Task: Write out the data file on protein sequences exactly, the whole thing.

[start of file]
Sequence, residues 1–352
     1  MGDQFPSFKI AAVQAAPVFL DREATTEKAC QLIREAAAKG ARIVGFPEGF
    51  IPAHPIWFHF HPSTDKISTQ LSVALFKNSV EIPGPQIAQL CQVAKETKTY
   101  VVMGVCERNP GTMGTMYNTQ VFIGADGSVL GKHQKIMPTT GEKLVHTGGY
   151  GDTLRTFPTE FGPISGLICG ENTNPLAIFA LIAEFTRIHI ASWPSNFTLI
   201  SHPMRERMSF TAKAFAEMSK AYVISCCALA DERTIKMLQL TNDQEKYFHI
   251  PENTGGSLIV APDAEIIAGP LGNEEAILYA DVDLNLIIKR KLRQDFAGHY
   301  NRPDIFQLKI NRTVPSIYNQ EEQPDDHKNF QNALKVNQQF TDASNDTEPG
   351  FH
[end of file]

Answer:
Sequence, residues 1–352
     1  MGDQFPSFKI AAVQAAPVFL DREATTEKAC QLIREAAAKG ARIVGFPEGF
    51  IPAHPIWFHF HPSTDKISTQ LSVALFKNSV EIPGPQIAQL CQVAKETKTY
   101  VVMGVCERNP GTMGTMYNTQ VFIGADGSVL GKHQKIMPTT GEKLVHTGGY
   151  GDTLRTFPTE FGPISGLICG ENTNPLAIFA LIAEFTRIHI ASWPSNFTLI
   201  SHPMRERMSF TAKAFAEMSK AYVISCCALA DERTIKMLQL TNDQEKYFHI
   251  PENTGGSLIV APDAEIIAGP LGNEEAILYA DVDLNLIIKR KLRQDFAGHY
   301  NRPDIFQLKI NRTVPSIYNQ EEQPDDHKNF QNALKVNQQF TDASNDTEPG
   351  FH